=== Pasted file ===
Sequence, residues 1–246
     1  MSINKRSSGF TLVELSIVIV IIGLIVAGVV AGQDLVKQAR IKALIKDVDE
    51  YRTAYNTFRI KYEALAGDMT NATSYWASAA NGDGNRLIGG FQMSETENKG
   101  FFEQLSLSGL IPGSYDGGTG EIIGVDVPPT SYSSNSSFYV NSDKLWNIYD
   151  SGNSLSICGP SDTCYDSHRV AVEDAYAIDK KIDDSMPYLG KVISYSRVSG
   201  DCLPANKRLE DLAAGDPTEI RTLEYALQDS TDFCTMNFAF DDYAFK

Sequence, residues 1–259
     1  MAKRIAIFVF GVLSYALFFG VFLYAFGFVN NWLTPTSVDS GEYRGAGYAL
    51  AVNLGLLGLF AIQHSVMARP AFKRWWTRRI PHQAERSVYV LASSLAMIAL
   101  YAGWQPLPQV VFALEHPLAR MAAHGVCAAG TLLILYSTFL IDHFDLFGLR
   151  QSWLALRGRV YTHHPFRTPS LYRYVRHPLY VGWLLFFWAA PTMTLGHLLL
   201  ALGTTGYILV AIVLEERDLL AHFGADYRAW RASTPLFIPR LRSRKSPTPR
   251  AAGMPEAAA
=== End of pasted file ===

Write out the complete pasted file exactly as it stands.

Sequence, residues 1–246
     1  MSINKRSSGF TLVELSIVIV IIGLIVAGVV AGQDLVKQAR IKALIKDVDE
    51  YRTAYNTFRI KYEALAGDMT NATSYWASAA NGDGNRLIGG FQMSETENKG
   101  FFEQLSLSGL IPGSYDGGTG EIIGVDVPPT SYSSNSSFYV NSDKLWNIYD
   151  SGNSLSICGP SDTCYDSHRV AVEDAYAIDK KIDDSMPYLG KVISYSRVSG
   201  DCLPANKRLE DLAAGDPTEI RTLEYALQDS TDFCTMNFAF DDYAFK

Sequence, residues 1–259
     1  MAKRIAIFVF GVLSYALFFG VFLYAFGFVN NWLTPTSVDS GEYRGAGYAL
    51  AVNLGLLGLF AIQHSVMARP AFKRWWTRRI PHQAERSVYV LASSLAMIAL
   101  YAGWQPLPQV VFALEHPLAR MAAHGVCAAG TLLILYSTFL IDHFDLFGLR
   151  QSWLALRGRV YTHHPFRTPS LYRYVRHPLY VGWLLFFWAA PTMTLGHLLL
   201  ALGTTGYILV AIVLEERDLL AHFGADYRAW RASTPLFIPR LRSRKSPTPR
   251  AAGMPEAAA